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Sciolist   Listen

An amateur who engages in an activity without serious intentions and who pretends to have knowledge.  Synonyms: dabbler, dilettante.

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"Sciolist" Quotes from Famous Books

... admiration, as a great achievement in wide and wise political or juridical philosophy. By others, it is dismissed very lightly, as the ambitious, or, rather, pretentious, effort of a superficial man, a showy mere sciolist. It acquired great contemporary fame, both at home and abroad. It was promptly translated into English, the translator earning the merited compliment of the author's own hearty approval of his work. Horace ...
— Classic French Course in English • William Cleaver Wilkinson

... visitor. Never was so brilliant a lecture-room as his evening banqueting-hall; highly connected students from Rome mixed with the sharp-witted provincial of Greece or Asia Minor; and the flippant sciolist, and the nondescript visitor, half philosopher, half tramp, met with a reception, courteous always, but suitable to his deserts. Herod was noted for his repartees; and we have instances on record ...
— Harvard Classics Volume 28 - Essays English and American • Various

... and verse that have ever lived! Who, that is competent to judge, doubts the result?—And ask your own hearts—ask your own common-sense—to conceive the possibility of this man being—I say not, the drunken savage of that wretched sciolist, whom Frenchmen, to their shame, have honoured before their elder and better worthies,—but the anomalous, the wild, the irregular, genius of our daily criticism! What! are we to have miracles in sport?—Or, I speak reverently, does God choose idiots ...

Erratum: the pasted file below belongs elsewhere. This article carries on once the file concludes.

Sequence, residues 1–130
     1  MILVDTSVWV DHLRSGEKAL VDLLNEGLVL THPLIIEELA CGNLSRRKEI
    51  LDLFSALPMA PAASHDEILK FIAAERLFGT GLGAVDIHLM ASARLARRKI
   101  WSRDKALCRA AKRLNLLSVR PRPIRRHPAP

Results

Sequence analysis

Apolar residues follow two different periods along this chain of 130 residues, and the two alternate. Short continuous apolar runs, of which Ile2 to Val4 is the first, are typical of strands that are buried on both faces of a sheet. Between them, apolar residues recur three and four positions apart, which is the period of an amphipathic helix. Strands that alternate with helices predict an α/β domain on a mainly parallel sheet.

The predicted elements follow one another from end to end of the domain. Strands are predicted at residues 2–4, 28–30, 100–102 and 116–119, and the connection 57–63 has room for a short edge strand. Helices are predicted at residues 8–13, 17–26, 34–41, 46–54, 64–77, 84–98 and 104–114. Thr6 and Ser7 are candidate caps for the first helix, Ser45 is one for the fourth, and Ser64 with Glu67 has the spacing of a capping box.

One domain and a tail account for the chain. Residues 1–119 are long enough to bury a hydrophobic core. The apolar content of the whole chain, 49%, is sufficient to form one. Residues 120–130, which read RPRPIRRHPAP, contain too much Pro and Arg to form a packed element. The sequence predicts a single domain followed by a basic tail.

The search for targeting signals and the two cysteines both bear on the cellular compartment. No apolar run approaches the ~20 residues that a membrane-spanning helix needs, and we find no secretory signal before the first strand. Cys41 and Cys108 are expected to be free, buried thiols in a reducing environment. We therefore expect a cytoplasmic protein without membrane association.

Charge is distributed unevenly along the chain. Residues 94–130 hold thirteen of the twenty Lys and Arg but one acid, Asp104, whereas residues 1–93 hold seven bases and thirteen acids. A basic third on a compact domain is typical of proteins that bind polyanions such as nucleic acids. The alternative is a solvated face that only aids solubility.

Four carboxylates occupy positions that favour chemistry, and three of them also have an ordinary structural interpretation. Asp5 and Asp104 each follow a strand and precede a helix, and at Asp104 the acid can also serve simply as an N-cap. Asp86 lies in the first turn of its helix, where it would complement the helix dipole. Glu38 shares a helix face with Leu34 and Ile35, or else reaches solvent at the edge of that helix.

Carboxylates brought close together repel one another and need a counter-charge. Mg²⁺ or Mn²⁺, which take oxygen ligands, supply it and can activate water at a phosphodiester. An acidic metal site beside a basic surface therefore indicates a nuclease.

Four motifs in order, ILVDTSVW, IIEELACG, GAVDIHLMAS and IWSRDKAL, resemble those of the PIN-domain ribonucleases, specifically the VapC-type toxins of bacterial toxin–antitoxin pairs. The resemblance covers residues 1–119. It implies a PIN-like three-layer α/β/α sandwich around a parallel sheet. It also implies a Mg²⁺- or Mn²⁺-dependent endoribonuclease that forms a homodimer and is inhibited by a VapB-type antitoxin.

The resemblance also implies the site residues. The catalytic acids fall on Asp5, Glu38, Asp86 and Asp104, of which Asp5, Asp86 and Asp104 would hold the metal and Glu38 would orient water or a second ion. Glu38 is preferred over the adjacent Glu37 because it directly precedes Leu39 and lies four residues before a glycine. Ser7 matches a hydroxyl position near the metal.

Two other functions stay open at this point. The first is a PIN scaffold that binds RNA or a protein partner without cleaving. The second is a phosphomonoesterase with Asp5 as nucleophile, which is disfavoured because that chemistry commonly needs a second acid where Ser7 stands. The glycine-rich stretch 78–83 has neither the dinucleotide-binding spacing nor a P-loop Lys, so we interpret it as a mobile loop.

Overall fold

— Shakespeare, Ben Jonson, Beaumont and Fletcher • S. T. Coleridge

... ask questions, whether it can answer them or not. The task of the theologian is a most important one—whether or not it be, as has been lately said,[4] "the noblest of all the tasks which it is given to the human mind to pursue." None but a sciolist will depreciate such a task; and none but a sceptic will doubt the value of the conclusions which may be thus reached. But all this is quite consistent with our position. The welfare of the soul is not involved in such matters as I have mentioned. ...
— Religion and Theology: A Sermon for the Times • John Tulloch

... dunce; wooden spoon; no scholar. [insulting terms for ignorant person:] (imbecility) 499 (folly) 501 moron, imbecile, idiot; fool, jerk, nincompoop, asshole [Vulg.]. [person with superficial knowledge] dilettante, sciolist^, smatterer, dabbler, half scholar; charlatan; wiseacre. greenhorn, amateur &c (dupe) 547; novice, tyro &c (learner) 541; numskull. lubber &c (bungler) 701; fool &c 501; pedant &c 492. Adj. bookless^, shallow; ...
— Roget's Thesaurus of English Words and Phrases: Body • Roget

... of these new arrivals. In his language they detected what seemed to be borrowed notions not consistently bound together, and they therefore called him by a name which it is not easy to translate. Literally it is "a picker up of seeds"—that is to say, a sciolist who gathers scraps from profounder people and gives them out with an air. Perhaps the nearest, although an undignified, word is "quack." That Paul possessed a knowledge of Greek philosophy, and particularly of Stoicism, is practically certain. He came from Tarsus in Cilicia, ...
— Life in the Roman World of Nero and St. Paul • T. G. Tucker

Words linked to "Sciolist" :   dilettante, sciolism, amateur

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